Here is some guidance on the importance of a professionally designed and installed borehole for a ground source heat pump. I have included some technical guidance from the Ground Source Heat Pump Association and MCS GSHP Design Document, regarding the sitting and installation of bore holes. This will hopefully provide you with a better understanding of the correct process for drilling and grouting. Unfortunately a majority of companies do not use a thermal grout, partly due to keeping costs down but also a complete lack of understanding to what is happening in the ground. The water table alone will not suffice.
Borehole spacing and sitting is critical to optimising the extracted energy from the ground and sun. Where boreholes are positioned in close proximity to fixed structures (>7m) the impact of reduced ground surface area on the recovery rate from solar irradiation must be considered.(there is very little geothermal energy extracted, 99% is from the sun). The efficiency and composition of a borehole and probe is calculated using the following criteria;
Abstraction rate for the type of ground\geological make-up.
- Borehole depth
- Borehole spacing (distance between boreholes or structures)
- Solar irradiation
- Borehole probe construction (32mm or 40mm HPDE)
- Type of thermal grout
Yes there is the option of energy piles but would you really use this on a domestic project?
We have been designing and installing ground source heat pump systems for over 15 years and built a reputation nationally as a market leader and pioneer in the industry for both domestic and commercial projects. We provide consultancy, design services and training, not only to our competition but also to heat pump manufactures\suppliers. We are one of only a handful of contracting companies in the UK, who provide CPD training to Architects on ground & air source heat pump design.
We are happy to loose a project to a well designed and installed system, unfortunately there are very few out there which is why we try and provide as much guidance and knowledge as possible even if not our job. Anyone can install a heat pump its no different to a boiler. It comes down to design, best practice and experience. The most important part of a GSHP is the ground array as it provides 75% of your energy demands and it’s the one part you can not see once installed.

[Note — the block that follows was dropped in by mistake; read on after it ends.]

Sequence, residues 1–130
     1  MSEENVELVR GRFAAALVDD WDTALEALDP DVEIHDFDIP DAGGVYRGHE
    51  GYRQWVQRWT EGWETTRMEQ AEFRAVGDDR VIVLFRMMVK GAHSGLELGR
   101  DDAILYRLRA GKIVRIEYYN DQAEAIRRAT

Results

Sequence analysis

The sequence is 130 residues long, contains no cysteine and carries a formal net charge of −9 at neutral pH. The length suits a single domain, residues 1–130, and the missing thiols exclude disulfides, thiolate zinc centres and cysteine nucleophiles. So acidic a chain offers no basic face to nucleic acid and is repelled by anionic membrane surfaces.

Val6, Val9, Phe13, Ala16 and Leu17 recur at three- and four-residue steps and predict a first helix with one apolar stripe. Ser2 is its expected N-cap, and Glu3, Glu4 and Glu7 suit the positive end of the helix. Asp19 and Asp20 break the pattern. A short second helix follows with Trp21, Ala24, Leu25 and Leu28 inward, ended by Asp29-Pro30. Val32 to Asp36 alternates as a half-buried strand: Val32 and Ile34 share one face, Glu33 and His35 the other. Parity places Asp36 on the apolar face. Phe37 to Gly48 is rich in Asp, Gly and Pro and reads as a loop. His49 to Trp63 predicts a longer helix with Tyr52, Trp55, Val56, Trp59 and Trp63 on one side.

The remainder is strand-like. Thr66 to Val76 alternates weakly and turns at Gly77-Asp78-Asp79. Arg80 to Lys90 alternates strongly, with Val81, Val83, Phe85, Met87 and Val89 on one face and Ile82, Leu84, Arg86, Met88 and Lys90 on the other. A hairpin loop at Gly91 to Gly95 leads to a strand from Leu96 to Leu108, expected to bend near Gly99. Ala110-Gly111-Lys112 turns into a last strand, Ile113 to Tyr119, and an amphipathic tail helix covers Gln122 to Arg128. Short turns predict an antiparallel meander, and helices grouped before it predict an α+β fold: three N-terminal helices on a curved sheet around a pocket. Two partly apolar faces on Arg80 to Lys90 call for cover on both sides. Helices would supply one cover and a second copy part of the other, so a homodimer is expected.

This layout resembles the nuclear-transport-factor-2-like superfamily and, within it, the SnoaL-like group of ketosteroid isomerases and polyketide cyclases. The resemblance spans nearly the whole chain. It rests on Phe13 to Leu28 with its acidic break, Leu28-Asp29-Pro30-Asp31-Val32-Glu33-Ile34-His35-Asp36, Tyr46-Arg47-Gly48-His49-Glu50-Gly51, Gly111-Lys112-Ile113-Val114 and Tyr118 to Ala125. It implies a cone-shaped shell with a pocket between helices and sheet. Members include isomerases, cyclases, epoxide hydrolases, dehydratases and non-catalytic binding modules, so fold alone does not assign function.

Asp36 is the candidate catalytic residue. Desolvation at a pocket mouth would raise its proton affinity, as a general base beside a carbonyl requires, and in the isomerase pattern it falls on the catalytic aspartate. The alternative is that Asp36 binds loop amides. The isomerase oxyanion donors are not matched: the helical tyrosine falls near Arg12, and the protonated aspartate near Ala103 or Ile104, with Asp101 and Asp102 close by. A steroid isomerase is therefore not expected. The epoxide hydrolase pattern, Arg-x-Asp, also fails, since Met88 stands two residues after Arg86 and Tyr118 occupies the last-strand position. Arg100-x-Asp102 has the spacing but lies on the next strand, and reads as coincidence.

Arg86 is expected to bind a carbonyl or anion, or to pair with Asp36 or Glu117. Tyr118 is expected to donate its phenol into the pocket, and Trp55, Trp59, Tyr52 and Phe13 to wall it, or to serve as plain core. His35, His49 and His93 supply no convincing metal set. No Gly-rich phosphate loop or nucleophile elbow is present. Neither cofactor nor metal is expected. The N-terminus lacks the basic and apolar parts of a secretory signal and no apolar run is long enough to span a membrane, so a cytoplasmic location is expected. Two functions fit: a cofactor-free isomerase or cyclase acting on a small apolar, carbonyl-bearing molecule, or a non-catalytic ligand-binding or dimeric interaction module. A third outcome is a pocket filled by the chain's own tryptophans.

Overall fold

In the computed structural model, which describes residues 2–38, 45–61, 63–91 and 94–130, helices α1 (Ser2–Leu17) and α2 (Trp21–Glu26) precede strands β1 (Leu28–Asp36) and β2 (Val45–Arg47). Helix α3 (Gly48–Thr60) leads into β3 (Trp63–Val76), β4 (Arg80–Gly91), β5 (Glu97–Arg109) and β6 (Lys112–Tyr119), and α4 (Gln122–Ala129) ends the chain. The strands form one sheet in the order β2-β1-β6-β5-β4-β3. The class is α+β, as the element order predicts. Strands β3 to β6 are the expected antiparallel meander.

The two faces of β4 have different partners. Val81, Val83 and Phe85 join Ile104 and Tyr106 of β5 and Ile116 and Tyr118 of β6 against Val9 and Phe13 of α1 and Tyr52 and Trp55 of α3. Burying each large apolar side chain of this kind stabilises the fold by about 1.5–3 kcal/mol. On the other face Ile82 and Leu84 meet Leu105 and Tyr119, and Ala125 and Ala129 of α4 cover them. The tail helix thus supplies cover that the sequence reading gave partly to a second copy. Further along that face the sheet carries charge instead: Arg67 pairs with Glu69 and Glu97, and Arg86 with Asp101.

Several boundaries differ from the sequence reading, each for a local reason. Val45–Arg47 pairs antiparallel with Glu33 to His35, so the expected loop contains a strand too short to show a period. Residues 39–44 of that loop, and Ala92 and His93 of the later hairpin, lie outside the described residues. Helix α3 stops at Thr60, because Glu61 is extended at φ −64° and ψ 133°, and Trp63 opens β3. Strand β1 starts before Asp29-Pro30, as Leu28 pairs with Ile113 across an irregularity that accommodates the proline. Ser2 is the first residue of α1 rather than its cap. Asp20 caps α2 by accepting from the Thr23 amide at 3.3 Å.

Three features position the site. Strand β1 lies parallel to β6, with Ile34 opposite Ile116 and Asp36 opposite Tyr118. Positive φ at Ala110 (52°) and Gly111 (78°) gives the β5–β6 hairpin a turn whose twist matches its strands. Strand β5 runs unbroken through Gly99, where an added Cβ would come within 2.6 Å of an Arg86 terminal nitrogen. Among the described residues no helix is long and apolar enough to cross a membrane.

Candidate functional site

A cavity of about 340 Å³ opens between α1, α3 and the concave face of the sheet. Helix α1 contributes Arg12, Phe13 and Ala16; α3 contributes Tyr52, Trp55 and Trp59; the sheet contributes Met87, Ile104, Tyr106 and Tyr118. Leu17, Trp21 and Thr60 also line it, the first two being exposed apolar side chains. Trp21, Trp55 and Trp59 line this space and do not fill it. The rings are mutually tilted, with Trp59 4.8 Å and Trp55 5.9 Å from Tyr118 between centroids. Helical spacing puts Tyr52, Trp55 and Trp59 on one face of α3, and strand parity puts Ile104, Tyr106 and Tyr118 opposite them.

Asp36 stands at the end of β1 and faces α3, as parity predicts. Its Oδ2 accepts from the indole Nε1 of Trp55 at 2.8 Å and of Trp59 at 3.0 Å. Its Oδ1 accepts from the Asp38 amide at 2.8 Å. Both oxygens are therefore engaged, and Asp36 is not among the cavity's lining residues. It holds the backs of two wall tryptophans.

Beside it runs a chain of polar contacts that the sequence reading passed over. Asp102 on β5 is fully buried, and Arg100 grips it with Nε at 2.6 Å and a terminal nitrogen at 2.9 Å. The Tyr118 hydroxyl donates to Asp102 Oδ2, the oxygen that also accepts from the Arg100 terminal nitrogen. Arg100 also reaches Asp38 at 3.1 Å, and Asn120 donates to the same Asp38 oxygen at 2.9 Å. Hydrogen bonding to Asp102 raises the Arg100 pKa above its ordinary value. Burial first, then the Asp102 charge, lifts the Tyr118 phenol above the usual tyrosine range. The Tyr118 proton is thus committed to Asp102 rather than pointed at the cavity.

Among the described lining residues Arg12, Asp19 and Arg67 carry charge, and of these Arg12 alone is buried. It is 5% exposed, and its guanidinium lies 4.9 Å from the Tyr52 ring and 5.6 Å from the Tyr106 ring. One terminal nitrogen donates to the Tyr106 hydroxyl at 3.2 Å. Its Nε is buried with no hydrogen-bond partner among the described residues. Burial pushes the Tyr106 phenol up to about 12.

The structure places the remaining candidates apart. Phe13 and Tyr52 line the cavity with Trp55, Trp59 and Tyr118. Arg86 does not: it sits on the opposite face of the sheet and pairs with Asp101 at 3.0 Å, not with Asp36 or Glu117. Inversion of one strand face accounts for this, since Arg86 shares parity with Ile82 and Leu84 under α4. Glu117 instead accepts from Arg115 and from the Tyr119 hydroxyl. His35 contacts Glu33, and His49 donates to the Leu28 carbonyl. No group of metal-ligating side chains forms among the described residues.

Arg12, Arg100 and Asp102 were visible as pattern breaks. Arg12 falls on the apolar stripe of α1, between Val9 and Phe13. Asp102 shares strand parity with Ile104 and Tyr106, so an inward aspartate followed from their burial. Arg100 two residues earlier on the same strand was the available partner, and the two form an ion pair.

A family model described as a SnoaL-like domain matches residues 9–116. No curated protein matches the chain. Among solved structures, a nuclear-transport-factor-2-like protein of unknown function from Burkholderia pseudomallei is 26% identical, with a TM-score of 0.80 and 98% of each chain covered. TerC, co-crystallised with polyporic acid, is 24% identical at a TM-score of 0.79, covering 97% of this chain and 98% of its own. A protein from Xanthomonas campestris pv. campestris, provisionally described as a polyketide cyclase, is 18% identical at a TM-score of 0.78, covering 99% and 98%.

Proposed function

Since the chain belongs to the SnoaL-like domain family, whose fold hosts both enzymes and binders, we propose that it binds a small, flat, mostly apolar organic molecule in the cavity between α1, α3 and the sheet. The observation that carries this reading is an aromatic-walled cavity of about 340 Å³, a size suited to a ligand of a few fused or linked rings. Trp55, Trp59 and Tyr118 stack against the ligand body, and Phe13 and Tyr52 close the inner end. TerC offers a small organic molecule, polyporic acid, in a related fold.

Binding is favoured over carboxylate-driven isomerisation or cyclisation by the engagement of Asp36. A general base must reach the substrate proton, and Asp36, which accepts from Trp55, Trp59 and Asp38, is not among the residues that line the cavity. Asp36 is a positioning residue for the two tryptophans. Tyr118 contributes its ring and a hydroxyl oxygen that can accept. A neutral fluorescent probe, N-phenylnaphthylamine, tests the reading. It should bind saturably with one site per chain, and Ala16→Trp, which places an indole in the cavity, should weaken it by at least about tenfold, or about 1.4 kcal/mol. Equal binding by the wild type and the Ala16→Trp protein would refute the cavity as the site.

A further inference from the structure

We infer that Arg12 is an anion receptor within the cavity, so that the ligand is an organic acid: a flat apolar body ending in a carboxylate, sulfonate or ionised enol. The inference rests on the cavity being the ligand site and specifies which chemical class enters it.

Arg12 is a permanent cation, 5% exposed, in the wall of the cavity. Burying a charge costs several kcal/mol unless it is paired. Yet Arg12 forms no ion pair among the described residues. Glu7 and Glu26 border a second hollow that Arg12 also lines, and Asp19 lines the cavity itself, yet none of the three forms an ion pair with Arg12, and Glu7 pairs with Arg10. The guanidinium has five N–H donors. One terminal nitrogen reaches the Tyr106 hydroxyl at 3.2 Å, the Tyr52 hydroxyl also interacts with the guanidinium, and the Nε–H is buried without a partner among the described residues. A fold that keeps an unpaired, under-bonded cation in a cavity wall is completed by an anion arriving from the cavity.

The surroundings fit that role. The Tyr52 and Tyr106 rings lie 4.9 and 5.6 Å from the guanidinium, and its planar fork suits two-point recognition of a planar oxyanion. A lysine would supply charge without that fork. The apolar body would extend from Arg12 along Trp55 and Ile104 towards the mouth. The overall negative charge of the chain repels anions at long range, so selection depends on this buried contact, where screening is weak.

If you have any questions regarding the drilling process please speak to our drilling partner ADP to see how one of the largest drilling companies in the UK operates. www.adpgroupltd.com Tom Page is the MD and can provide you with impartial advice on how a bore hole should be designed and installed. Dont mention you are speaking with South West Energy Services, and see what he has to say.
2.8 Party Wall Issues
All systems shall be designed assuming that adjacent systems will be installed and will therefore have a right to the heat under their property.
8.0 GROUND HEAT EXCHANGER GROUT
Grout thermal conductivity is an important aspect of ground heat exchanger design. The designer shall be responsible for selection of the grout to support the foundation of the ground heat exchanger design. The following standards relate to the materials and methods of testing and verification of properties, as supplied by the manufacturers.
8.2 Grout Thermal Conductivity
Grout material thermal conductivity shall be determined by the following tests or comparable to EU standards:
- Pliable materials – American Society for Testing and Materials (ASTM) D-5334 “Standard test method for determination of thermal conductivity of soils and soft rocks by thermal needle probe procedure”
- Rigid materials – ASTM C-177 “Standard test method for steady heat flux measurements and thermal transmission properties by means of the guarded hot plate apparatus”
Materials that are bentonite-based are classified as pliable materials and cement based products or grout mixtures containing cement that cause the product to become rigid once cured are classified as rigid materials.
9.4 Ground Heat Exchanger Installation
The borehole shall be grouted from bottom to top with a suitable recognised geothermal grouting material and tremmie pipe as outlined in section 8.
MCS GSHP Design
3) MIS 3005 requires that the design of a GSHP system will lead to a minimum entering water temperature (EWT) into the heat pump from the ground of 0°C over the lifetime of the installation. Assuming a possible temperature difference of 3°C, an average minimum ground loop fluid temperature of -1.5°C has been adopted here.
This temperature defines some of the properties of the antifreeze solutions.
A) Heat pump thermal output. This is can be taken as the manufacturer’s MCS approved quoted output at B0/W35.
I know this is a bit War and Peace but I am a big believer in pass on the knowledge, it’s the only way the industry will improve and grow.
Please look at our case studies page for the types of projects we are involved in. http://www.swenergy.co.uk/case-studies/